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Why the Poor Vote in India: “If I Don’t Vote, I Am Dead to the State”

Abstract

Our empirical research in India shows the poor and the non-poor report different motivations for voting. The poor say they turn out to vote because it is their right while the non-poor report they vote because they expect material benefits from the state, some kind of access to the state, or because voting is their civic duty. We attribute the different reasons for voting offered by the poor and non-poor to their different relationships with the state. Unlike the non-poor, the poor mostly report the state mistreats or ignores them yet makes every effort on Election Day to ensure they are treated equally. The recognition the state grants to the poor on Election Day leads them to view voting as a valued right, one that gives them a rare chance to associate with those who govern as equals. The evidence in this paper was drawn from 30 focus groups with a total of 445 participants and 150 open-ended interviews conducted across Maharashtra, Tamil Nadu, and Uttar Pradesh and three state and national-level surveys.

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Notes

  1. Assessments of the Indian state have often pointed to its general failure to improve the conditions of the poor and the very poor. Legions of studies (see, for example, Bardhan 1984, 2010; Kohli 1989; Weiner 1991; Dreze and Sen 1996; Dube 1998; Mehta 2003; and Varshney 2005) have described how the state has failed those most in need.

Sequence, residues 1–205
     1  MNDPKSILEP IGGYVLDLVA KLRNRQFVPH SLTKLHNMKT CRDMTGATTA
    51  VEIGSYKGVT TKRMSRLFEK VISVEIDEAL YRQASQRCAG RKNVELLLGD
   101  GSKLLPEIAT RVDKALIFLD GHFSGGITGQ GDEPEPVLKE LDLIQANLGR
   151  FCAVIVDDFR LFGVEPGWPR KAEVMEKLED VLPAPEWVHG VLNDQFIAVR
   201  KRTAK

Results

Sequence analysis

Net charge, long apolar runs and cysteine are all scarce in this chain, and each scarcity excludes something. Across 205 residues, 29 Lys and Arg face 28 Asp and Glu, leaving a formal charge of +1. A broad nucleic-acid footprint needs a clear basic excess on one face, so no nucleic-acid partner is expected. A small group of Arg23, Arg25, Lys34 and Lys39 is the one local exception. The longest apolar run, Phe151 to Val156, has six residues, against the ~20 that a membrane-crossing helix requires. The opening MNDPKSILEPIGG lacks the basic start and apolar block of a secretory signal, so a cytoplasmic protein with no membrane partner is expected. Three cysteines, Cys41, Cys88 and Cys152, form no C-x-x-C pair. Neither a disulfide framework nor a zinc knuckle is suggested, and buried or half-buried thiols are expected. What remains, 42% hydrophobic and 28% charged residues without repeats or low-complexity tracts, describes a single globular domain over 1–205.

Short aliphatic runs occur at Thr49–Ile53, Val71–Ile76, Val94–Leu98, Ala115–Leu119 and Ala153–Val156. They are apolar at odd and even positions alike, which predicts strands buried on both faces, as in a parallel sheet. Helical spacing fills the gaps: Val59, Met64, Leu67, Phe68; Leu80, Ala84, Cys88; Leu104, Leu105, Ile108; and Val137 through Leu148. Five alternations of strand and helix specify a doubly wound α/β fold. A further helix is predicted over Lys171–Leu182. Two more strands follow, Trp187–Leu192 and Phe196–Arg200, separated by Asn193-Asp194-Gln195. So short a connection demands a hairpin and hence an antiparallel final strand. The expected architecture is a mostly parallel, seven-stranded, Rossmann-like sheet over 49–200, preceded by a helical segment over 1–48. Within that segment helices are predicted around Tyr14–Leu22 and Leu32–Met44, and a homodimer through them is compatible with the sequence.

2. Lokniti, the Programme for Comparative Democracy of the Delhi-based Centre for the Study of Developing Societies (CSDS), carried out all three surveys. The 2009 State of the Nation survey covered all states except Jammu and Kashmir, Goa, and the North East; the 2004 National Election Study covered all states and union territories.

  3. First, we randomly selected localities from the list of polling booths used by the electoral commission. Next, we confirmed the income and caste profiles of localities and neighborhoods through multiple sources, all independent of one another. When a locality fitted our required profile, we selected it. For neighborhood and locality selection, our income parameters included upper, middle, and lower-income households; and for caste, our parameters included households from the upper, backward (or intermediate), and ex-untouchable castes. In rural and urban settings, we conducted focus groups in nine types of neighborhoods.

  4. The focus groups and follow-up interviews were conducted in the following districts: Meerut, Gautam Budhnagar, and Azamgarh in Uttar Pradesh; Sangli, Vardha, Mumbai, and Nagpur in Maharashtra; and Madurai, Chennai, and Chidambram in Tamil Nadu.